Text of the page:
Giotto draws our attention to the main figure in this narrative in a variety of ways. As has been observed, Jesus is placed in the centre of the composition. He is also the largest figure in the whole painting. His head is surrounded by the clear blue sky and positioned between the vertical lines of the slightly swaying trees. There is also a strong line which points to Jesus created by the donkey and the crowd as they pour out of the Jerusalem gates. In addition Jesus is painted with a kind of three dimensional reality so forceful that he seems as solid and as tangible as sculpture in the round.
However, also the donkey plays a special role in this fresco. Relatively large and in the very middle of the painting she steps forward boldly and obediently with her colt at her side, mirroring Jesus as the faithful servant of God. With her eyes full of goodness and intelligence, she is apparently – in contrast to the disciples and the crowd – fully aware of what is going on, like the donkey in Isaiah 1:3 knowing her master while ‘Israel does not understand.’ With one ear pointing backward and one pointing forward, one ear attuned to her master and one to the crowd, she seems to function as a kind of bridge between what is past and what lies ahead.
4. The artist makes us feel close to the action as if we also are participants. How does he do this?
He has the entire scene take place in the foreground. The painted space is somehow continuous with our space as beholders. It seems as if Jesus is passing in front of us and we find ourselves drawn into the swoosh of palm branches and the shouts of praise.
5. How does Giotto’s painting reveal to us the fulfillment of Zechariah 9:9?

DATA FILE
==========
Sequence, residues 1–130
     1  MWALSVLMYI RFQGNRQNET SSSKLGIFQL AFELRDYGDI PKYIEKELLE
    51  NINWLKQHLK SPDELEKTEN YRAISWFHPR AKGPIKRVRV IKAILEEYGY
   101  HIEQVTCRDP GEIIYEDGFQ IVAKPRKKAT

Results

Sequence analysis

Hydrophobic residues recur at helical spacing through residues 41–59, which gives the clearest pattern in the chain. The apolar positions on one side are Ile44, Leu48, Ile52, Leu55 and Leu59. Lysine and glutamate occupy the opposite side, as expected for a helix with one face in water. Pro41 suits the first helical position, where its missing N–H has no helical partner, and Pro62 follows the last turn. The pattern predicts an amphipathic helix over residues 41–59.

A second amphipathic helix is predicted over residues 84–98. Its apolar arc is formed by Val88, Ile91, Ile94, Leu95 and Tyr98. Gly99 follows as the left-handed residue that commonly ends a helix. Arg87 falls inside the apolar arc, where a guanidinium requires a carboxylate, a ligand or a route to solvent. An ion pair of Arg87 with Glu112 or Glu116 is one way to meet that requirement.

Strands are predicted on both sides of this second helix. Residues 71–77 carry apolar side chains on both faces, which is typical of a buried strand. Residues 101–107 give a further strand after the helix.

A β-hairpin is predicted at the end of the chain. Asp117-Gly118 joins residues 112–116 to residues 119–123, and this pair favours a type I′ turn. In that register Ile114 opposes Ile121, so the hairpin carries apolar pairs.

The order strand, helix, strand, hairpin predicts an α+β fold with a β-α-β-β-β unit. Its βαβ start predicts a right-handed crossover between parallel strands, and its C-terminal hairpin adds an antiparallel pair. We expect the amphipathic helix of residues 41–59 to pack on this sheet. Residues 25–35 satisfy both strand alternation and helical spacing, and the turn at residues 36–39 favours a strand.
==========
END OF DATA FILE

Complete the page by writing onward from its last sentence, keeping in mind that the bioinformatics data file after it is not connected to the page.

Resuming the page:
Matthew 21:5 contains a reference to Zechariah 9:9 which announces the coming of Zion’s King. The first clause comes from Isaiah 62:11, a passage which also promises the coming of a Saviour.
‘Rejoice greatly, Daughter of Zion! Shout, Daughter of Jerusalem! See, your king comes to you, righteous and having salvation, lowly and riding on a donkey, on a colt the foal of a donkey.’ Zechariah 9:9
The prophet not only speaks into his immediate situation in this verse, but also looks beyond into the more distant future. The Jews are called upon to rejoice greatly and welcome a King who comes for their salvation. His character is described. He is right with God and all others. No stain of unrighteousness rests upon his victories, his administration or his character. He alone has salvation. He comes not as a warrior on a prancing war horse, nor as a political revolutionary for the overthrow of Rome, but he enters Jerusalem riding on a humble donkey with the commitment to break the bondage of sin and death, to bring healing and hope and peace!
As we watch Jesus enter the city with great composure and dignity we realize that these verses from Zechariah have come alive before our eyes. All of this has been planned in advance by Jesus. It is clear from Matthew 21:1-5 that Jesus has arranged for the donkey to be available. He requests that the disciples go and find the donkey and the colt, untie them and bring them to him. He fully understands all the symbolism and embraces it. He will enter Jerusalem as its true and promised King.